Pastor's Articles


April 5, 2020 Palm Sunday


A Word from the Pastor:


The Stimulus Package that has no Conditions


The world, our country, our state, and our immediate communities are under siege

by a force no one can control right now. The coronavirus pandemic has laid seige

to humanity on all fronts of our society.

Perhaps that is why I find the first word that comes to our mind for Palm Sunday and Holy Week so significant, Hosanna. Hosanna is an old Hebrew phrase that means “Please save us!”   It's a cry for help. The crowds of people lining the streets of Jerusalem this day were shouting it joyfully. They had heard of Jesus' teachings. Many had seen his miracles. This was clearly the right man to challenge the power of Rome and restore the throne of David. They were ready to welcome Jesus as a new political and religious leader.

Jesus wasn't looking for a parade. The parade was looking for him. The first day of Holy Week is celebratory. “Hosanna! Please save us! Jesus was about to

give humanity the “Stimulus Package that has no Conditions.”

By the end of the week a mood of hate and hostility had supplanted the mood of Hosanna. I believe if the coronavirus lingers on, these two themes will emerge

again, in our history. We are very acquainted with them in our world today.

We see it in the Middle East and many other places in our world, however sometimes we also see it in our own hearts. It should not surprise us that people sometimes responded to Jesus in the worst possible way. People were rarely neutral about him.

Even his own disciples betrayed him, denied him, fled from him. Ironically, he never turned his back on any of them. The stimulus package he offered then, and now, is one of amazing grace.

Jesus never used bait-and switch tactics to bring people into the kingdom of God. He made it very clear from the beginning of his ministry what God planned to do through him. He was coming as the Prince of Peace.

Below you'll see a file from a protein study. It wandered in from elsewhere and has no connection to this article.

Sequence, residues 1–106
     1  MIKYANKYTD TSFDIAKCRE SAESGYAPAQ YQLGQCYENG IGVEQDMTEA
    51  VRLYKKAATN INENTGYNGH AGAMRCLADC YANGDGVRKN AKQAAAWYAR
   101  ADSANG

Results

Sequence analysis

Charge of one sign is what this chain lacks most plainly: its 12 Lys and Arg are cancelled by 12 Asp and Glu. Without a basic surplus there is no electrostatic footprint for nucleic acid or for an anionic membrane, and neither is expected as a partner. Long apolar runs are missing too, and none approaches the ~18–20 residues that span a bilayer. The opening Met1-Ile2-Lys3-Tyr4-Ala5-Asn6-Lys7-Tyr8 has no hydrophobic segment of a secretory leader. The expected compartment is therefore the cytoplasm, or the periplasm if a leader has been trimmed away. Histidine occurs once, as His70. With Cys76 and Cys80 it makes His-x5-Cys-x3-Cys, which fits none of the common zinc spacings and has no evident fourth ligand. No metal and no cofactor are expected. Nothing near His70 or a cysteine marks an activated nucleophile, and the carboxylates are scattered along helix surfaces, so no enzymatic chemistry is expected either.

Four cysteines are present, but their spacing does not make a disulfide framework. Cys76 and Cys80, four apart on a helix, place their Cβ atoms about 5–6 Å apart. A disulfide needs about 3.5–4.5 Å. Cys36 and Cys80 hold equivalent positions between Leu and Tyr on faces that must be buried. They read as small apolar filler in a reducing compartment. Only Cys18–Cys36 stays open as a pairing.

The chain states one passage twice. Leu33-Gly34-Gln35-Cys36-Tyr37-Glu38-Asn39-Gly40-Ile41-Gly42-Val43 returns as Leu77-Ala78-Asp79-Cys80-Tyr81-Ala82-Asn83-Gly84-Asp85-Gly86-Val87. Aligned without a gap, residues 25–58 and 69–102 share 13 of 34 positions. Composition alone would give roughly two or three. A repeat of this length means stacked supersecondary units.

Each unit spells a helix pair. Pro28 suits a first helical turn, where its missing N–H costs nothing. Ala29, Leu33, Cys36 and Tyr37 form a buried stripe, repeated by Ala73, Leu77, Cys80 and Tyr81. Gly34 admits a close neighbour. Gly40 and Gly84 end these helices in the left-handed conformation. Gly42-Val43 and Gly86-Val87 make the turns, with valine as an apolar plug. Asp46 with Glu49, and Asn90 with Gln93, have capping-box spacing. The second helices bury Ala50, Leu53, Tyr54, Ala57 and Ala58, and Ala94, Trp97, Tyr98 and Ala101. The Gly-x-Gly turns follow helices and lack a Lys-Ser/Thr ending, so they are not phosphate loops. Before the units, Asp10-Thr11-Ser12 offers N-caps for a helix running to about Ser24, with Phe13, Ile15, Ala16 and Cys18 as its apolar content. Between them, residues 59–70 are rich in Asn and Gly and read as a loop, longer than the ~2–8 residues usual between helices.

The issue is, it is easier to rally people’s energies and emotions around war, economics, political diversity or hate than it is around peace. These things are often tangible in our world. However; peace requires humility and communication our own sanctification. (i.e. gathering for spring break or ignoring other social and cooperation. The end goal of peace is to conquer ourselves. To conquer our selfish, greedy, violent human nature and work together, rather than thinking of


The Jewish people wanted to be saved from their immediate circumstances. From the oppressive power of Rome. From unjust laws. From the sting of being ruled over by a pagan government that didn’t honor God or their society. They wanted to be saved from the sting of loss and the defeat of their holy nation. They gave no thought to the rule of God in their lives, or the priorities of eternity. And when Jesus lost his popularity, when he looked like a victim, the people wanted a flesh and blood outcome. They wanted immediate power over their situations.

Are we any different? We want a kingdom now, not later. We want a God who protects our comfortable lifestyle, not one who commands us to care for the hungry and the sick and those less fortune. And we try to twist Jesus' words and his priorities to fit our lifestyle. However; it doesn't have to be that way.

Let me tell you about one of the of the most admired leaders in the technology industry today. Sameer Dholakia is CEO of Send Grid, one of the world's most successful business email platforms. Sameer's colleagues and employees all refer to him as a servant leader. That’s an interesting term, to me. “Servant leader.”


Sameer credits his mother, who was killed when Sameer was just 15. There was a particular Indian parable she loved to recite for him. She would say, “When we enter this world, we all enter as babies with our fists clenched. Kicking and screaming and crying. When we leave, we all leave at peace, with our hands open. There's a reason why this is: we all carry into this world a special and unique gift-

a gift you clench in your fists as a baby. Your job, the point of your life, is to discover what that gift is and then to give that gift to others. When you are done giving of that gift, then it will be your time and you will pass at peace. (CEOs in tech” by Jeff Kauflin, Forbes, August 10, 2017.)


Jesus faced the last week of his life with peace because he knew that he was giving the ultimate gift, a stimulus package without conditions. He left this world not only with open hands but will return with open arms.

Holy week ends with one more H-word but I dare not say it today. It's the Hebrew word of “Praise You, Lord!” It's a word reserved for next Sunday. There is an ancient tradition that some Christians follow, that they do not say this word, or sing it. Or pray it. From Ash Wednesday until Easter Sunday. But it's a word of great joy and victory, and I hope you will join me next week as we share God's

word again.


Pastor Jim



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